Avoiding Foreclosure by Declaring Bankruptcy

Many struggle with financial distress and substantial debt at some point in their lives and this issue experienced by so many can have dire consequences such as inability to pay medical bills, the dissolution of a marriage, or even losing a home to foreclosure. Although declaring bankruptcy is on very few bucket lists, it is often the best, if not the only, financial decision for those in extreme debt. Individuals experiencing significant financial difficulties should seriously consider bankruptcy as it can help them along the path to financial recovery while protecting the assets people need most, like a home. Declaring bankruptcy can mean not only getting debt forgiveness and the ability to rebuild a credit score, but also allows individuals to defend their homes against foreclosure according to a Raleigh bankruptcy lawyer.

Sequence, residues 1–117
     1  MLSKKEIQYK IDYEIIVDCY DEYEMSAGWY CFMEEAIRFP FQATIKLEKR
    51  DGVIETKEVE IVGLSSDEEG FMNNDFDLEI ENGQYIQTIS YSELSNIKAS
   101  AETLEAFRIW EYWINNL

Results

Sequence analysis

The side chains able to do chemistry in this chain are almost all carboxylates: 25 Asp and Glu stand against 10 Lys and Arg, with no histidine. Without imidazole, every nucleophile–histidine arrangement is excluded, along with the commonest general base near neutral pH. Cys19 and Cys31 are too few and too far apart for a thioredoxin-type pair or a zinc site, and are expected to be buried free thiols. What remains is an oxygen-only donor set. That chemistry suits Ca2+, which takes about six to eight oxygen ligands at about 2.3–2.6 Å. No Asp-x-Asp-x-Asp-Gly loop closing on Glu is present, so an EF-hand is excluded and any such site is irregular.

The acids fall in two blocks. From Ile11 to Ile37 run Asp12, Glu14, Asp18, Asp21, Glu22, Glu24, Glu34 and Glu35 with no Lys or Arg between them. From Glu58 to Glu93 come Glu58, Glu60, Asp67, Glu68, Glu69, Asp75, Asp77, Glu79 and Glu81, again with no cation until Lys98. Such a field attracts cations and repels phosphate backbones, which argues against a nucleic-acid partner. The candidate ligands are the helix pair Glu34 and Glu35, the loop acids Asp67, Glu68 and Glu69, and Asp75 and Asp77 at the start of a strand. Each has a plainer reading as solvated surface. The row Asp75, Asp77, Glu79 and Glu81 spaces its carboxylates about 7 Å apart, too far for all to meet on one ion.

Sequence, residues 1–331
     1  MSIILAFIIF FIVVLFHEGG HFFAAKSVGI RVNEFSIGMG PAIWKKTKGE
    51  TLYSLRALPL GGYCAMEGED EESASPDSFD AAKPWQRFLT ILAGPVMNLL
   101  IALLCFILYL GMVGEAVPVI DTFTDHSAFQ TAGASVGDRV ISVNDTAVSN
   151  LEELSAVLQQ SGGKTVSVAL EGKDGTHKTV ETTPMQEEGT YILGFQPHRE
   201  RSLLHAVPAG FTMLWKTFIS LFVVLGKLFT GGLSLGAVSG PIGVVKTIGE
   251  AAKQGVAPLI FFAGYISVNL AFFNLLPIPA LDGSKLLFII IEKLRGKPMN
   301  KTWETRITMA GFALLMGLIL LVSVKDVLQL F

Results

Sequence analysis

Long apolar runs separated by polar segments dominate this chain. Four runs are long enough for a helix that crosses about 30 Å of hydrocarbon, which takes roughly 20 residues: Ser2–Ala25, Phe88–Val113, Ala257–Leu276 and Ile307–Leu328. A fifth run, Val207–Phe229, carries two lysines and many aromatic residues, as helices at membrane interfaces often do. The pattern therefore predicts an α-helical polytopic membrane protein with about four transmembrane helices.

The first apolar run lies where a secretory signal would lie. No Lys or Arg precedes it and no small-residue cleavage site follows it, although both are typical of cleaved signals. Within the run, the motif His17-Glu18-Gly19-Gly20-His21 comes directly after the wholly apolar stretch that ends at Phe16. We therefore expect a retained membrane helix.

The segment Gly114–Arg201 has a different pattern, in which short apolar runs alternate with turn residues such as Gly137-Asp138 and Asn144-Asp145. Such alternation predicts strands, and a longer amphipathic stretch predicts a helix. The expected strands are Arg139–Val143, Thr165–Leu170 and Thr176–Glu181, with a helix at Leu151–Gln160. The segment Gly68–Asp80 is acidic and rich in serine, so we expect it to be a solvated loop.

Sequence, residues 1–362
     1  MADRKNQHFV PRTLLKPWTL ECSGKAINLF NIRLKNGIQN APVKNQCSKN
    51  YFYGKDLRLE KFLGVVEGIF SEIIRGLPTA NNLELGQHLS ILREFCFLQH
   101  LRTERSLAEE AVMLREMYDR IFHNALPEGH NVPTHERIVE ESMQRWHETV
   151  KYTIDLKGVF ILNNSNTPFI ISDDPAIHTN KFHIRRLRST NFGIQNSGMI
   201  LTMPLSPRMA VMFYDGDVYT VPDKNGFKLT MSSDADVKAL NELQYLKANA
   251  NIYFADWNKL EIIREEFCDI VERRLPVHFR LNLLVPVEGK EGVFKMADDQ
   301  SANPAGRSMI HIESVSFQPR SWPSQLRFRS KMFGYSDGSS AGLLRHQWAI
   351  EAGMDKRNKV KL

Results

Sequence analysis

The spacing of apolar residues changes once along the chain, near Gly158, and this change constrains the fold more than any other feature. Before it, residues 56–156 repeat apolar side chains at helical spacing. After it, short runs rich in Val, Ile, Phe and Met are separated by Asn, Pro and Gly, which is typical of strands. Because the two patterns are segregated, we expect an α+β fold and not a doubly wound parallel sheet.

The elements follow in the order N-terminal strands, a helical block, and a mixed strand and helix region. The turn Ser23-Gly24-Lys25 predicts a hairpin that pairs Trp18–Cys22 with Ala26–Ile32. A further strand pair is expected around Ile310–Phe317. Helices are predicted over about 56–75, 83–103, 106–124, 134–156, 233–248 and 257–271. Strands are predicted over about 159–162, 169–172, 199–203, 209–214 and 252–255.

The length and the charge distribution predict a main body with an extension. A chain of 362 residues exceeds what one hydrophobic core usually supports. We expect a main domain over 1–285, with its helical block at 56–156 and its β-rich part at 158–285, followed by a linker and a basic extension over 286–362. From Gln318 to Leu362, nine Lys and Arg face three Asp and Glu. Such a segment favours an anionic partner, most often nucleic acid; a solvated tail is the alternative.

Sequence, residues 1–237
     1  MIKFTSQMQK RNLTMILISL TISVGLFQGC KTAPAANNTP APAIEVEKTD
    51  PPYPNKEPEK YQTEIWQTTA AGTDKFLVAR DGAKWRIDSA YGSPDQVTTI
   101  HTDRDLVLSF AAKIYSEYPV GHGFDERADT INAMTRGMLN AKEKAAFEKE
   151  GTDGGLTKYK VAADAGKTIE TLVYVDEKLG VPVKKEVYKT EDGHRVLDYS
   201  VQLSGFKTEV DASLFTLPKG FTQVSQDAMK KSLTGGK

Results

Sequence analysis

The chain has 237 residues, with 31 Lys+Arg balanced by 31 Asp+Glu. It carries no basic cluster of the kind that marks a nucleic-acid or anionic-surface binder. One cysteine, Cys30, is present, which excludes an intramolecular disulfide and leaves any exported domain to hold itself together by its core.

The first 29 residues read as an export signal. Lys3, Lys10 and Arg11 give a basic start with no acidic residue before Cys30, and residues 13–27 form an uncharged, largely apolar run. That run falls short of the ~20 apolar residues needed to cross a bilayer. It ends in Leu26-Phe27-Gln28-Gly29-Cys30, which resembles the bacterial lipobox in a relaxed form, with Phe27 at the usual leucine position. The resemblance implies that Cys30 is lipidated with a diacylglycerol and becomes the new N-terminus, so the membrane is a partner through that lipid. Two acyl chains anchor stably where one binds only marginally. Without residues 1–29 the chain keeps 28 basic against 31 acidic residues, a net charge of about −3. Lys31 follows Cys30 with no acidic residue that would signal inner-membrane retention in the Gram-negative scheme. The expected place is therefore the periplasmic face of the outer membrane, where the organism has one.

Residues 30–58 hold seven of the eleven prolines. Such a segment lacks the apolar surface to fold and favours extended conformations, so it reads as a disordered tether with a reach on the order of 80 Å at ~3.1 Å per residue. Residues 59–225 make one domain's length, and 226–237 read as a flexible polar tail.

Foreclosures don’t happen overnight—they’re usually the result of missing several consecutive mortgage payments and there are usually several ways to prevent them from happening. Once it’s all but certain that it will occur, though, it’s smart to consider declaring bankruptcy in order to stop it. When a person files for either Chapter 7 or Chapter 13 bankruptcy, a court order for relief is issued that puts an automatic stay on all personal assets that stops creditors from repossessing them. These reposessable assets include furniture, cars, and yes, houses. Any scheduled foreclosures can be postponed for a few months or until personal finances have recovered. According to a Cedar Rapids foreclosure defense lawyer, Chapter 13 bankruptcy partnered with a detailed financial plan is the most effective way to save a house and reduce mortgage debts. Declaring Chapter 13 bankruptcy can allow for extra time to pay off the late fees on a mortgage and defer or eliminate second or third mortgage payments. While all options should be investigated when facing foreclosure, bankruptcy should be seriously considered as it is one of the most efficient ways to save an at-risk home.